Tories underestimate strength of feeling on badgers at their peril
The badger cull is political poison which is seeping through the veins of the British electorate at a rapid pace. No other wildlife management policy in the past 40 years has united so many people from all backgrounds and walks of life in a wave of anger and revulsion.
This is why the Labour Party came out strongly against a national badger cull policy at its conference in Brighton this week. Ed Milliband knows if he is to have any chance of forming the next Government he must listen to the growing power of the wildlife protection vote.
Since the badger cull pilots started a month ago, we have seen thousands of people come together in a peaceful and dignified way in the form of wounded badger patrols, badger vigils and marches. I have spoken to thousands of people at anti-badger cull events in towns and cities across the country, from Taunton to Bedford, Northampton, Kettering and Manchester.
Many of the people I have met do not fit the stereotypical animal rights campaigner; some are lifelong Tory supporters, others are councillors, teachers, vets, nurses or retired members of the armed forces. A vast majority have never before joined a protest march, but they are united by a wonderful British steel and determination to stand up the Government and the National Farmers' Union to protect badgers from a senseless slaughter.
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They are also using social media like never before to establish local campaign groups, organise events and to lobby their MPs and councillors. This is already having a major political impact in places such as Hampshire, where under huge public pressure the council has voted to ban all badger culling on its land. We have also seen the impact at the National Trust, which will be voting on a motion to ban badger culling on its land at its AGM on October 26 in Cardiff, following a highly effective grassroots campaign by anti-badger cull activists in Gloucestershire.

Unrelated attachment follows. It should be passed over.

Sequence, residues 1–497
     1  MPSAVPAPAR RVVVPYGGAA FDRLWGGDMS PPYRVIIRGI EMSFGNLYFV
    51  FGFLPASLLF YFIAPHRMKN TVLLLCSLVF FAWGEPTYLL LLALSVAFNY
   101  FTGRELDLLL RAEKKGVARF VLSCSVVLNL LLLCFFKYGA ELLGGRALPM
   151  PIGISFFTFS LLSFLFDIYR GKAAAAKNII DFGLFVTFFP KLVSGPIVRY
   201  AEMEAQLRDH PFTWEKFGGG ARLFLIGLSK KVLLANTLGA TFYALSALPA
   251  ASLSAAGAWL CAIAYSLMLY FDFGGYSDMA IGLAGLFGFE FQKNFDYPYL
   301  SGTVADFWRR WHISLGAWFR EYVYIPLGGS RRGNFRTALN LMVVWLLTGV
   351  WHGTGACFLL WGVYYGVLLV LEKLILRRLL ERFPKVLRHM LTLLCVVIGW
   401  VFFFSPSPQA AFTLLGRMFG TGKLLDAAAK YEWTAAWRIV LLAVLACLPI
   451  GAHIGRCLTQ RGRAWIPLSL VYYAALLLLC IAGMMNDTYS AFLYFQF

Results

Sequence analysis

Tory and Liberal Democrat MPs who voted for the badger cull due to pressure from the party whips are also now having second thoughts, as they are inundated with complaints from their constituents on the killing of badgers. An Early Day Motion calling for a further debate on the cull before it becomes a national policy is gaining growing support across all parties.
With Tory Party membership at an all-time low of 134,000 – a 60% drop since David Cameron became leader – there is also growing concern at central office on the impact of the badger cull. Lifelong Tory members and activists are turning their back on the party in anger at the policy and this is worrying David Cameron's campaign strategy team, headed by Lynton Crossby.
With reports from the cull zones of shooters failing to get anywhere near their kill targets and with costs spiralling, David Cameron was forced to intervene to prop up the collapsing policy ahead of the Tory conference in Manchester this week. But his weak support for Owen Paterson will not go unnoticed ahead of a Cabinet reshuffle. The Prime Minister knows that Paterson is expendable and he will not allow the badger cull policy to become a millstone around the neck of the Tory Party ahead of the 2015 election.
I spent some time last week with Arnie Graff, a leading American civil rights and community organiser who is credited with being a mentor to the young Barack Obama in Chicago in the 1980s. Arnie had been working with Labour leader Ed Milliband on how to increase Labour Party membership, through bringing in new people to the party who wish to bring about positive social and environmental change to their local communities.
He has been travelling across the country talking to people from all backgrounds and can see that the anti-badger cull campaign is a very successful grassroots initiative, which is bringing together thousands of people in a powerful new voice for wildlife protection.
This might help explain why the Labour leader is now waking up to the importance of this new movement and how it could influence the outcome of the next general election. The events in Brighton this week might not only prove the final nail in the coffin for the badger cull policy, but also a new dawn in the power of the wildlife protection vote to decide who governs Britain. Labour has recognised this sea change, it's time David Cameron and the Tories did too.
Dominic Dyer is policy adviser with charity Care for the Wild International (careforthewild.com).